The Woman Who Could Have
April 28, 2004
By The Plaid Adder
So, we are bombing Fallujah. But according to the US military, this doesn't necessarily mean the cease-fire is over.
Some things just don't deserve a rebuttal.
I started an online journal on March 18, 2003, a couple days before we began bombing Baghdad. The offensive began on March 20 but we didn't really get the full-on "shock and awe" until the 21st. Here's how I registered it in one of my entries for March 21, 2003:
I'm watching live streaming video on CBS.com. At least Dan Rather has a name for this: 'deeds of carnage.'
The footage is coming, actually, from Al Jazeera. I can only IMAGINE the accompanying commentary.
We'll never see the bodies. We don't need to. We all know what happens when a skyscraper collapses.
No, please don't bring in the Pentagon expert..."this is the much advertised Shock and Awe," he says.
I *am* going to puke.
Oh my God. This is awful.
13 months and change later, we are bombing Fallujah. I am not watching live streaming video. I've seen one still photo of clouds of smoke rising from the city on CNN.com and that is enough for me. I can't fucking stand it any more.
But of course I will have to stand it, won't I. I will have to go to that meeting in an hour and pretend my job matters, and I will have to get up tomorrow morning and go to work again, and this renewal of the most horrific phase of the conflict will have to recede into the background because if I allowed myself to really feel the anger and grief that this stirs in me then I wouldn't be able to go on with my daily life.
And being a human being and therefore selfish I want to go on with my daily life, despite knowing that thousands of miles from here my government is preventing hundreds of people from going on with theirs.
13 months later it still strikes me, the unbearable injustice of geography, the brutal juxtapositions of globalization. I could have been born in Iraq 35 years ago instead of in the US and my life would have been completely different. I'm sitting here in a clean office with working power and a relatively new computer typing in thoughts that have been shaped by a Godawful number of years of higher education, with a view of blue skies and green grass out my window.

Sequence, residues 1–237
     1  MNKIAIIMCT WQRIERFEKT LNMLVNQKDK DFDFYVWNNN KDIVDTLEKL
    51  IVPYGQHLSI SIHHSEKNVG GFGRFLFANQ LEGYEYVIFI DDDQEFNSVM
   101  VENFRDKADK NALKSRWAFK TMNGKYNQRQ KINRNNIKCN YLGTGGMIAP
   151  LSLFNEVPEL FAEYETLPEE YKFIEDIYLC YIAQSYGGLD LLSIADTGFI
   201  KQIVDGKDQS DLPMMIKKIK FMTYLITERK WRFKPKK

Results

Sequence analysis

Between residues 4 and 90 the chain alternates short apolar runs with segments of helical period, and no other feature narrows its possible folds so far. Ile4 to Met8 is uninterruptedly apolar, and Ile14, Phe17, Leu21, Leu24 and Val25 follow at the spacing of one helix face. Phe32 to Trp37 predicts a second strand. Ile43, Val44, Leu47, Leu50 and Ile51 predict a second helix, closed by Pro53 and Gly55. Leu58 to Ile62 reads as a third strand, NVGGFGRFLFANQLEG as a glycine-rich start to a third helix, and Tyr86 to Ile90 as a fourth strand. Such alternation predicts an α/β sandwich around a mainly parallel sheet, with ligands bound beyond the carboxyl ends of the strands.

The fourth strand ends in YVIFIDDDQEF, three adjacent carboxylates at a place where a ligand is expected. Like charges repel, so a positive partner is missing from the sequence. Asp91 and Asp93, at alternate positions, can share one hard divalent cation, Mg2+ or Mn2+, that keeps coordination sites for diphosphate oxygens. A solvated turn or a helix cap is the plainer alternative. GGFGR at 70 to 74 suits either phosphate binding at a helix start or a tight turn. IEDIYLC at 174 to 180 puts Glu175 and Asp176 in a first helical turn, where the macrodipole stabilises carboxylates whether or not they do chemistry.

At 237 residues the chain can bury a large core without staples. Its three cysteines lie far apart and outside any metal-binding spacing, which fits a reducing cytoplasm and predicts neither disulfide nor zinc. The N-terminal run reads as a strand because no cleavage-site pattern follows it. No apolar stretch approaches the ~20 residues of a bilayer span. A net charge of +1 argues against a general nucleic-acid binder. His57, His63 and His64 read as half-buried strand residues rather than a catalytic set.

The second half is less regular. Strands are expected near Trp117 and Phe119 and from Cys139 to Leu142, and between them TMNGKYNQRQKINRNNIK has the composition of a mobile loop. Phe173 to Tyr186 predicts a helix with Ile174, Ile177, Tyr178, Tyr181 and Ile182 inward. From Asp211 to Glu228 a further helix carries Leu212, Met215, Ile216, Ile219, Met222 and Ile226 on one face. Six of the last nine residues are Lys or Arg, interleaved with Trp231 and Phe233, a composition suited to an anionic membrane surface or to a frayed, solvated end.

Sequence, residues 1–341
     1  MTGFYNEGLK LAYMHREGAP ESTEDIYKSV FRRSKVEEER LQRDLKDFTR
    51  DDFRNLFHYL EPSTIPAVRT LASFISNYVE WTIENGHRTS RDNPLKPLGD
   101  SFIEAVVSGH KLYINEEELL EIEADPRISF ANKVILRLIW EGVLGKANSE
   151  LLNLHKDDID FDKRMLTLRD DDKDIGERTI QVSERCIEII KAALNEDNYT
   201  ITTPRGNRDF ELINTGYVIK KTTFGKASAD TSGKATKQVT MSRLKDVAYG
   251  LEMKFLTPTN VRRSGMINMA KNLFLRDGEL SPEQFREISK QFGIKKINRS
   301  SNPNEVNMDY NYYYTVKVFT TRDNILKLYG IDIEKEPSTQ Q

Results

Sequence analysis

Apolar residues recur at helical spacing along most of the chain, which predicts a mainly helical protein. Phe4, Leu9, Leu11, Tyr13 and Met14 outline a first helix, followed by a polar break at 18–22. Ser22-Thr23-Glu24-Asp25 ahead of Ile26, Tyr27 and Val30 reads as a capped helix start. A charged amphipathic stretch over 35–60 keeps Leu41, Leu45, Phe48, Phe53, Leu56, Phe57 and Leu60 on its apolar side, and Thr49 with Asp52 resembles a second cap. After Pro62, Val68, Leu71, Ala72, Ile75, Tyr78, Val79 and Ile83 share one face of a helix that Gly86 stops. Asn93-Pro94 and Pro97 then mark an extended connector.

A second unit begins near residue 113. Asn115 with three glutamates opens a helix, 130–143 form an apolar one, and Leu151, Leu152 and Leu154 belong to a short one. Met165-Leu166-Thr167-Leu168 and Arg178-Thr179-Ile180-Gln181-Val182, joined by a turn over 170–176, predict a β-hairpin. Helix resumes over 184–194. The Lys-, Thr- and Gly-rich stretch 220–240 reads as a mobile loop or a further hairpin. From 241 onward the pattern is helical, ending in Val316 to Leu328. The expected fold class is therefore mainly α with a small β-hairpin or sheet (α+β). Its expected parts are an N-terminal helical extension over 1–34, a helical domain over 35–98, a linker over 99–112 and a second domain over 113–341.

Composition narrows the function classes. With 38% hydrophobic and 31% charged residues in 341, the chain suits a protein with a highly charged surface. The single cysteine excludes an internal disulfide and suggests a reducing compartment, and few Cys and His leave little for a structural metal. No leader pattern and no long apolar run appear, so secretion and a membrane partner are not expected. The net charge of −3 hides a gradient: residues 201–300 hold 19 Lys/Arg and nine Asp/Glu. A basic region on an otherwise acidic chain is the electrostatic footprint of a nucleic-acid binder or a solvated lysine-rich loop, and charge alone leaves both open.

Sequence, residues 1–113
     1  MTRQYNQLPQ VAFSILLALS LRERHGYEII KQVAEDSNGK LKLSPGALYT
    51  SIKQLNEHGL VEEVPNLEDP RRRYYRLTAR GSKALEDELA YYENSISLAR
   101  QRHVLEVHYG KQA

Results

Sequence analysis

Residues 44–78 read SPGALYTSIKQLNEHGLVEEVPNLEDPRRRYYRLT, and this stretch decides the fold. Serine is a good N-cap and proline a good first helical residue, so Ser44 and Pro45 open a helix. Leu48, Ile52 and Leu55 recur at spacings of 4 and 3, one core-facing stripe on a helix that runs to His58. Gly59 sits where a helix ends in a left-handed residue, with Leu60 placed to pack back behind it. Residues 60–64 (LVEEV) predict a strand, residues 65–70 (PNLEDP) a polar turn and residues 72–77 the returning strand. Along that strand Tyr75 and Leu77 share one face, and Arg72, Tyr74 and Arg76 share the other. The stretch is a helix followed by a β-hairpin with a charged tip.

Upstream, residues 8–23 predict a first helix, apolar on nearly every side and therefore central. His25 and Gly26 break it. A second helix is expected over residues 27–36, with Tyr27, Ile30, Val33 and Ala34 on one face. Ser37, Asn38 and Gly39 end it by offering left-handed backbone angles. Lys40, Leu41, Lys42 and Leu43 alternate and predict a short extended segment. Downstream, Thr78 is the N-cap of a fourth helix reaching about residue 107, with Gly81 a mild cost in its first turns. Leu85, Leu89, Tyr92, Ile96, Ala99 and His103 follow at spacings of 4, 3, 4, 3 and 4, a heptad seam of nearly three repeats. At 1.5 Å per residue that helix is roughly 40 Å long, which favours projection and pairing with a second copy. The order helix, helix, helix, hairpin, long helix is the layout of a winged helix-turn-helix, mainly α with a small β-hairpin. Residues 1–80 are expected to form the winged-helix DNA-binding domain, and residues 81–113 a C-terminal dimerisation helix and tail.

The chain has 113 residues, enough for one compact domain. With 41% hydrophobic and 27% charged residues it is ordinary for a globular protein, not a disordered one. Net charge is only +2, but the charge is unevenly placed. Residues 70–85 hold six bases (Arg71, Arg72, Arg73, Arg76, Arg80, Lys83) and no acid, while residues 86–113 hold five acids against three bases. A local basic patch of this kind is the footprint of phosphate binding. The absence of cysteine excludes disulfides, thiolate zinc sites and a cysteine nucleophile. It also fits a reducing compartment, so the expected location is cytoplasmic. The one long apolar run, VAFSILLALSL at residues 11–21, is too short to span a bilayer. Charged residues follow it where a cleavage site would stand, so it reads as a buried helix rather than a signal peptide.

Somewhere else, at exactly this moment, a 35 year old woman who could have been me is watching American bombs shatter the city she grew up in. That woman is not going to go home tonight, as I will, and make one of the five relatively simple dishes she knows how to cook and listen to the Cubs game while she does the dishes and waits for her partner to call and tell her about the first day of the conference she's attending.
That woman will be searching through the rubble for signs of her family, or helping her neighbors carry their dead out to one of the new makeshift cemeteries, or lying pinned where she fell by fallen masonry. That woman does not deserve the hell that her life is right now any more than I have ever done anything to deserve mine.
Injustice is the currency of the global economy. This is just how it is. I know that, but my heart refuses to understand, and it keeps rejecting the knowledge. I get tired of having it hit me every time like a new blow that leaves a new bruise. But what I'm really afraid of is that I will accept it, and stop believing that things could ever be different.
There are times when I wish I could talk to the woman who could have been me, but is in Iraq instead. But then I don't think we would have much to say to each other. She would only be human if she hated me for going on with my life while hers is on fire. And frankly what could be less useful to her now than a chat with an American who may understand that what's happening to her is abominable, but has not been able to do a damn thing to stop it?
When I started the journal it was my intention to put something in it every
day. I didn't keep it up at that pace for very long; by July of 2003 I had more
or less decided that wouldn't be practical. But I guess every spring, when the
bombing begins again, I'll go back to it, marking the days one by one, the days
that drive my country farther and farther from the rest of the world, the days
that bring love and comfort and prosperity to me, and grief and pain to the
woman whose skin I could be standing in now, whose eyes I could be blinking
as I watch the breath of destruction fire what remains of the street where I
The Plaid Adder's demented ravings have been delighting an equally demented online audience since 1996. More of the same can be found at the Adder's Lair.